If you’re an avid smartphone photographer, we think you’ll be happy with this device, given how easy it is to use – but you can have to expect the camera to do the bulk of the work for you so perhaps not so great if you’d like to have more control of your image making.

Given the lack of manual control available with the Google Pixel 3, you can expect to have little choice in terms of the various basic parameters that you’d be likely to want to alter with your photography.  If you want more control we’d suggest looking at Huawei’s devices, which include a dedicated ‘Pro’ feature, offering RAW imaging capabilities. With that being said, the selfie-takers out there will love the Google Pixel 3 and the bokeh effect does a great job of blurring the background – even if this is achieved predominantly by software applications.


Tap below to watch our hands-on video review:


Pricing and availability

The Google Pixel 3 [5.5” screen] is available now and at the time of review, came in at £739 for the 64GB version and £839 for the 128GB version. The big brother – Pixel 3 XL with a 6.3” screen comes in at £869 for the 64 GB version and £969 for the 128GB version at the time of review.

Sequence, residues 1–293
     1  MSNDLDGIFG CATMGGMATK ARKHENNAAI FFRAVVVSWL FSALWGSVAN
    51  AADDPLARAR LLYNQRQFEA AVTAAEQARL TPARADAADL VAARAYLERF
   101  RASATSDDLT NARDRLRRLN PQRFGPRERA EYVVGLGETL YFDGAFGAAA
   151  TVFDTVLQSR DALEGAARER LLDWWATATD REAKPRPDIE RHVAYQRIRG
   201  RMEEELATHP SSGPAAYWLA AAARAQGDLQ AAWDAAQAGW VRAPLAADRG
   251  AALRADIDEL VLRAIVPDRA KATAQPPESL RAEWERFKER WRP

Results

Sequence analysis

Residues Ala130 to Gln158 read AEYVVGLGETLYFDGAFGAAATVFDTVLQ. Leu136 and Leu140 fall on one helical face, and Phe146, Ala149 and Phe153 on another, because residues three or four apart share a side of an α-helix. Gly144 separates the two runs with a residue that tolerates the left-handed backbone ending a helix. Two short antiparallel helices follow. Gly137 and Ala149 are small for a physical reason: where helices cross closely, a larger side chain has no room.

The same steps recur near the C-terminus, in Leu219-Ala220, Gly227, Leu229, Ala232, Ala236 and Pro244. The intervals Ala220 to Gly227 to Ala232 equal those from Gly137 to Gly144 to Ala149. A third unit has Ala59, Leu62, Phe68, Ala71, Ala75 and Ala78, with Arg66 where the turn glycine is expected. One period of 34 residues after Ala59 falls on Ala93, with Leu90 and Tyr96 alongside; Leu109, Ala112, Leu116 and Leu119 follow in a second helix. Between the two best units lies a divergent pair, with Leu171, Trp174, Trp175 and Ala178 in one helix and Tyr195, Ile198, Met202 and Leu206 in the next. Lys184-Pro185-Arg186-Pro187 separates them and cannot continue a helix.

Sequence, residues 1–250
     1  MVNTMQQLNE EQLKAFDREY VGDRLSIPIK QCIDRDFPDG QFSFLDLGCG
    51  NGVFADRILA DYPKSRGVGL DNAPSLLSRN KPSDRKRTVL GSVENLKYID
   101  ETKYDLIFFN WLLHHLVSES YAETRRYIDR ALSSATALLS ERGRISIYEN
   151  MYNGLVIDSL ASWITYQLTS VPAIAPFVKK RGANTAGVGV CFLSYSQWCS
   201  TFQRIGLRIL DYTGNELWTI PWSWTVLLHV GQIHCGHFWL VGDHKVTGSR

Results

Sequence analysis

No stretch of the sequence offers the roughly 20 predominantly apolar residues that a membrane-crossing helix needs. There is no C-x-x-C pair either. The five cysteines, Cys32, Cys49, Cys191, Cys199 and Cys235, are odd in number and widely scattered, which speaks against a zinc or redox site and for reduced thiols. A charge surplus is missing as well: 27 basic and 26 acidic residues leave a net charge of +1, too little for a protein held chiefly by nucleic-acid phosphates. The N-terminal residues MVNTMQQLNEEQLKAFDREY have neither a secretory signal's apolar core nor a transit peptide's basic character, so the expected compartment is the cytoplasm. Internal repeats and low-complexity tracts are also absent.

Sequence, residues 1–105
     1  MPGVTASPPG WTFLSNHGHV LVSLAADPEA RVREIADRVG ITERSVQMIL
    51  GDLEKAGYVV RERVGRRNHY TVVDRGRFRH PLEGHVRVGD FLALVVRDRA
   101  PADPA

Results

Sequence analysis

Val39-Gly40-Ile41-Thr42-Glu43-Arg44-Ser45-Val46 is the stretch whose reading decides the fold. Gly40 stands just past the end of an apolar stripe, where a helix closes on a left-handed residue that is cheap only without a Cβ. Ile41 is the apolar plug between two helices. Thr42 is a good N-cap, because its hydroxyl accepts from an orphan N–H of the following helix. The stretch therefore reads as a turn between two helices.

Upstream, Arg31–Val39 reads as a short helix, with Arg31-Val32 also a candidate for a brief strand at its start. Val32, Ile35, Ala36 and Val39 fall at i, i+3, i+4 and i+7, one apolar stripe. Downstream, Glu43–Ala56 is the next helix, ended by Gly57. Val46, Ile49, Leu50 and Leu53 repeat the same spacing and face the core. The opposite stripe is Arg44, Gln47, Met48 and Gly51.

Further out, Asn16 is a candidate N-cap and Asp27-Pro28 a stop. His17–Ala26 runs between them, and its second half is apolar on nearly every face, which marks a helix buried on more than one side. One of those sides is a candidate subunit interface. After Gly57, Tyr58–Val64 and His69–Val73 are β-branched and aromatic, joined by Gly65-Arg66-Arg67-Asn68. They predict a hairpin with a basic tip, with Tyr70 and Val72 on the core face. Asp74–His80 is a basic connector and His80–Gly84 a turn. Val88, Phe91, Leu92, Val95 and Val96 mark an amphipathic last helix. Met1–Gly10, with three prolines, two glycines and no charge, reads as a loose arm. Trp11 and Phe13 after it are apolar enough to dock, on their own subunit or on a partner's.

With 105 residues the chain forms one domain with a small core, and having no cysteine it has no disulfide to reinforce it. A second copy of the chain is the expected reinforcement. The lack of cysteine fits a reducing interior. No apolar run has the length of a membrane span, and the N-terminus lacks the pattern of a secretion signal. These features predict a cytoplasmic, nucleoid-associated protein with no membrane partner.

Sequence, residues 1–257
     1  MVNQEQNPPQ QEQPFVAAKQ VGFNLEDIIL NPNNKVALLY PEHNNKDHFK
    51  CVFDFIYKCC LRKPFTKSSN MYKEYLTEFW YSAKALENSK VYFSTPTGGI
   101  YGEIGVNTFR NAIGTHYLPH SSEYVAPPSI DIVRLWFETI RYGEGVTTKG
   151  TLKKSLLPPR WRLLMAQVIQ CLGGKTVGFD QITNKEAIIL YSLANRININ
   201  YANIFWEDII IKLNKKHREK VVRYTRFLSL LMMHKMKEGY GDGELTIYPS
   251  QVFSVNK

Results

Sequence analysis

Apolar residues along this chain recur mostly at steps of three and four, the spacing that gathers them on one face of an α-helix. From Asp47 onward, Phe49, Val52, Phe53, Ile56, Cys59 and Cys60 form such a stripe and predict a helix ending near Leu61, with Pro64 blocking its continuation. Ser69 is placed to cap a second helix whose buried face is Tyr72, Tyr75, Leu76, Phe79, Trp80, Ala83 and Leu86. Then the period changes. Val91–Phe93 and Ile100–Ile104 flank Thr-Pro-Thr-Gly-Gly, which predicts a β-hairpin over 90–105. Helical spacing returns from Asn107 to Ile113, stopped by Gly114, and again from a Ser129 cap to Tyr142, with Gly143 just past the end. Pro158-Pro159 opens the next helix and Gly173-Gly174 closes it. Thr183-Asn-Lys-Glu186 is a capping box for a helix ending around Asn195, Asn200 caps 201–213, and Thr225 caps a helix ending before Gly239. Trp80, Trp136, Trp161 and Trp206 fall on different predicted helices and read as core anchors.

4/5

PhotoBite Google Pixel 3 review -
Google Pixel 3:- The Google Pixel 3 is a solid device, which runs a pure version of the Android operating system, so many will be happy with the reliability and functionality of the latest smartphone from Google. That said, when it comes to the imaging capabilities, options become rather more limited. Whilst very clever, the software that drives the device takes ultimate control of the finished images, pushing fundamental factors with the aim of delivering the best picture for you. Great for snappers and photo-amateurs, but not so great for enthusiasts or anyone who wants to have more of a say in what their photographs look like. This is a smartphone for the casual snapper and that's just fine.